Record ridership for TCAT in 2010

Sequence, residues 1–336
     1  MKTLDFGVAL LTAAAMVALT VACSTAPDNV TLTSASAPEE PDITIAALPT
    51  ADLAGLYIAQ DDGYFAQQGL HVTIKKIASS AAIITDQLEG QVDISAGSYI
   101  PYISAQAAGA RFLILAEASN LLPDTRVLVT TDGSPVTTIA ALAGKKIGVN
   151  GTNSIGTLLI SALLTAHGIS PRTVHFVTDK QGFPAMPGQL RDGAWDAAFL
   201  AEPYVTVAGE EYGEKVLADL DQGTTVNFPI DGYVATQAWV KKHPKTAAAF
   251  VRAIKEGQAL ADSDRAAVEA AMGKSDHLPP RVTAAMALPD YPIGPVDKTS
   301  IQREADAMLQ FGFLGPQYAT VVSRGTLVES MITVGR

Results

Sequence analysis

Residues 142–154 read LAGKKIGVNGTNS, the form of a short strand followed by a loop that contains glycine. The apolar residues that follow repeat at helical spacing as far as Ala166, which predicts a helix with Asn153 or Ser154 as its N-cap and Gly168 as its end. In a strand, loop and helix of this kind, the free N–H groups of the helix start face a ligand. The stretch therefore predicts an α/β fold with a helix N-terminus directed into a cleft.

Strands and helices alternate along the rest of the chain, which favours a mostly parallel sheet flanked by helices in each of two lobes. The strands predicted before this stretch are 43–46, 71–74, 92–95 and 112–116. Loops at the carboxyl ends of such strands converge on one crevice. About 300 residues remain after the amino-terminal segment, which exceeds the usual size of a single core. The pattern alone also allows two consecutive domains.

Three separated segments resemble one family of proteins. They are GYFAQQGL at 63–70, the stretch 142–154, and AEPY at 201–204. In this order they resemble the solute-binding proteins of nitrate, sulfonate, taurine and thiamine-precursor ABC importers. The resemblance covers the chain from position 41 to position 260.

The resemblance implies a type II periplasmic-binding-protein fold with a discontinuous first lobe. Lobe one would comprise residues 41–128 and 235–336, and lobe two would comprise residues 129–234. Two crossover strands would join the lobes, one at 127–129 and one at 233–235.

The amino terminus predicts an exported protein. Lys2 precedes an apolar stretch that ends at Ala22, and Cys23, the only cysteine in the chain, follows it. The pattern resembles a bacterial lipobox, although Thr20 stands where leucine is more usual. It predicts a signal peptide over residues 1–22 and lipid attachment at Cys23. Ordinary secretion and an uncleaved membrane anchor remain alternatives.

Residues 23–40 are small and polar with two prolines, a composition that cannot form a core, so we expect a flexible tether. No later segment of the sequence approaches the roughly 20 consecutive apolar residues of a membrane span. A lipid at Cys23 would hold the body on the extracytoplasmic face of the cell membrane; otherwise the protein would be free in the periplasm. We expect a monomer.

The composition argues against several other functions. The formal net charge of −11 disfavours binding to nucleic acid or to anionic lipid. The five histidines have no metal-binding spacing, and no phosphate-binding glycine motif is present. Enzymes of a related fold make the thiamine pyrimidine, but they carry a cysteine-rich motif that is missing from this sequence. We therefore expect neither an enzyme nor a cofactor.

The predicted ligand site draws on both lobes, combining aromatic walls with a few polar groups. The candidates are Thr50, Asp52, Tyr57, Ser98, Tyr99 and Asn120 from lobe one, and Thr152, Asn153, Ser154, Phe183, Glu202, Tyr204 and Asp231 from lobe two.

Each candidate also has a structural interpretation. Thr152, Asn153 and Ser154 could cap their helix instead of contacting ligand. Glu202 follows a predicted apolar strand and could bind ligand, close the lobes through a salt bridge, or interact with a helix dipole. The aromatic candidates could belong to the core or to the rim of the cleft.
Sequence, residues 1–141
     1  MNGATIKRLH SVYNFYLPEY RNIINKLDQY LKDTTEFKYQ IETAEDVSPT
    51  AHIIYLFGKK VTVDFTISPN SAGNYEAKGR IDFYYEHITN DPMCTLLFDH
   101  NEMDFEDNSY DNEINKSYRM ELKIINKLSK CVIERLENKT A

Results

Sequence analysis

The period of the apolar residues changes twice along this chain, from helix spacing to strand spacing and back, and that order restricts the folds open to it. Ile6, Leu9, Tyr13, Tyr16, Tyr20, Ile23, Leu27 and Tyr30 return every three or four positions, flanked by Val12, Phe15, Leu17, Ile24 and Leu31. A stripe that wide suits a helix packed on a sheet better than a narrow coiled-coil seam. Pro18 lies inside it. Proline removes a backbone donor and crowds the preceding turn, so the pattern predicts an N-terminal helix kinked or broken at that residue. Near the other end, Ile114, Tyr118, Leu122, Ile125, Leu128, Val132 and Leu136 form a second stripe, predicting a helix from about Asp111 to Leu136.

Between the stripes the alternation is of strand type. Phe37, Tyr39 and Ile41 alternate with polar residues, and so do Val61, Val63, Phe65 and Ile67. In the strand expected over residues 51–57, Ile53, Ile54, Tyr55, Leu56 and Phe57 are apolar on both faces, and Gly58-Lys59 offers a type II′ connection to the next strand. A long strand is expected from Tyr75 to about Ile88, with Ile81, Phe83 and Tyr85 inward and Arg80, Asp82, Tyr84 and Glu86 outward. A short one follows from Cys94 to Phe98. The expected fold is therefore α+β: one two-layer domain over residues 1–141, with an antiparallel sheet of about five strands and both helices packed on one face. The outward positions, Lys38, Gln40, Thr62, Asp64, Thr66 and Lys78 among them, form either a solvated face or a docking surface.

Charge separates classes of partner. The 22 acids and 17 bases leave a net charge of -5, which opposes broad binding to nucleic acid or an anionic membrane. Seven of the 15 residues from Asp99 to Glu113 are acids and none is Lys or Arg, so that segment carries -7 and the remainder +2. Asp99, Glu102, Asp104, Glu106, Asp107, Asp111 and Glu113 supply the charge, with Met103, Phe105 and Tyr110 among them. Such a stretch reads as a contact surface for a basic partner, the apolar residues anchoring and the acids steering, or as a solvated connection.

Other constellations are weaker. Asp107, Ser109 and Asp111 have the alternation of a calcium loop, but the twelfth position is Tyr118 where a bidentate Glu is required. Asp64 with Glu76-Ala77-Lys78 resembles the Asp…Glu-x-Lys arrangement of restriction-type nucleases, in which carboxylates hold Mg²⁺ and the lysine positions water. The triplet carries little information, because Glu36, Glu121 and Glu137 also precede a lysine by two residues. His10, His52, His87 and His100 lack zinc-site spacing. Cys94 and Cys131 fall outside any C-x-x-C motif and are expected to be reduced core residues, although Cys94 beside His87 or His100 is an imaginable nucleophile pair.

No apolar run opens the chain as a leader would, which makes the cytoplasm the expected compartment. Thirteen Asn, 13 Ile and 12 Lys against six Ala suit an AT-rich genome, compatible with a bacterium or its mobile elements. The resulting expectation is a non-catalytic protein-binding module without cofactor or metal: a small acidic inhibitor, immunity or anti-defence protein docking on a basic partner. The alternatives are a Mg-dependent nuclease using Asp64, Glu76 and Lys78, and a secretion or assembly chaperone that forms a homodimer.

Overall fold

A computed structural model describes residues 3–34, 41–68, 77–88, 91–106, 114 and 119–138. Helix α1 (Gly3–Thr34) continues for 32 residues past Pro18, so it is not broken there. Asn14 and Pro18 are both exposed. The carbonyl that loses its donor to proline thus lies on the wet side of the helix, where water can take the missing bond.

For the fourth year in a row, TCAT broke records with 3.58 million rides in 2010, a 6.3 percent increase from 2009 when TCAT reported a little more than 3.35 million rides.“We knew we would likely increase our ridership, but I have to say we were surprised by the large percentage,” said TCAT General Manager Joe Turcotte.“This is great news, particularly in an era when public transit agencies across the state and nation are grappling with budget shortfalls, route cuts and fare hikes. Fortunately we didn’t have to take any of those measures, which have resulted in reduced ridership for less‑fortunate transit agencies.”Turcotte attributed the jump in ridership to TCAT’s implementation of more efficient and streamlined routes that went into effect one year ago. In addition, TCAT launched a new fare collection system, called RideLogic, featuring the rechargeable Tcard. The new system, created by Ithaca‑based Black Box Computer Consulting, enables TCAT to better track ridership and adjust routes based on demand.Turcotte also said TCAT’s highly trained bus operators and maintenance crew are key to TCAT’s reputation of being one of the best public transportation systems of its size in the country.Turcotte predicts that with increasing gas prices, TCAT will continue to gain ridership in 2011.“Public transportation is key to economic development in making sure people have an affordable way to get to their jobs, their schools and to shopping or wherever they need to go,’’ Turcotte said. “In a strained economy, more and more people – and the economy as a whole – become dependent on a sound public transit system,”TCAT’s Service and Operations Analyst Doug Swarts also said he believes the new route system, based on a comprehensive Transportation Development Plan (TDP) and a broad spectrum of public input, has captured more ridership. In addition, Swarts said, the new electronic fare collection system provides for a much more accurate accounting of rides that may have been missed by the former paper pass system.“This is all very exciting,” Swarts said of the new ridership numbers. “We now have tangible proof that our new route system is an overwhelming success. In addition, our ability to track and study real-time data with RideLogic enables us to continuously take the pulse of our passengers and make adjustments as needed.” Turcotte said TCAT’s goal is to constantly look for ways to improve service and listen to what passengers want and need. With fiscal austerity being the mantra, particularly with the new administration of Gov. Andrew Cuomo, the challenge for TCAT will be to operate as efficiently as possible.Unlike other transit agencies, TCAT so far has resisted raising fares or cutting service , both of which have a negative effect on ridership numbers. (TCAT was forced to stop service to Schuyler County after Jan. 14, but that decision was based solely on the Schuyler County Legislature’s vote to eliminate funding for the service). To be sure, 2011 will be a challenge for TCAT.“We have done everything we can to keep our fare structure as low as possible and we will have to invade our fund balance significantly in 2011 to meet our expenses,” said TCAT’s incoming Board Chairman Henrik “Hank” Dullea, in an earlier news release.“New York State is TCAT’s largest source of funding; if the state’s fiscal crisis results in reductions of transit operating support, TCAT’s service will be severely impacted,” Dullea said. “TCAT has a strong board and a terrific team of managers, bus operators and mechanics who together will bring us through these difficult fiscal times.”To that end Turcotte recently challenged his staff to brainstorm for ways to curb costs in any way possible. “We are already a lean organization, but we will strive to find creative ways to cut down on expenses wherever we can.” TCAT’s historical ridership data and percentage year‑to‑year increases: 2006 3,065,309 -0.9%2007 3,106,215 1.3%2008 3,317,716 6.8%2009 3,351,817 1.0%2010 3,577,579 6.3%

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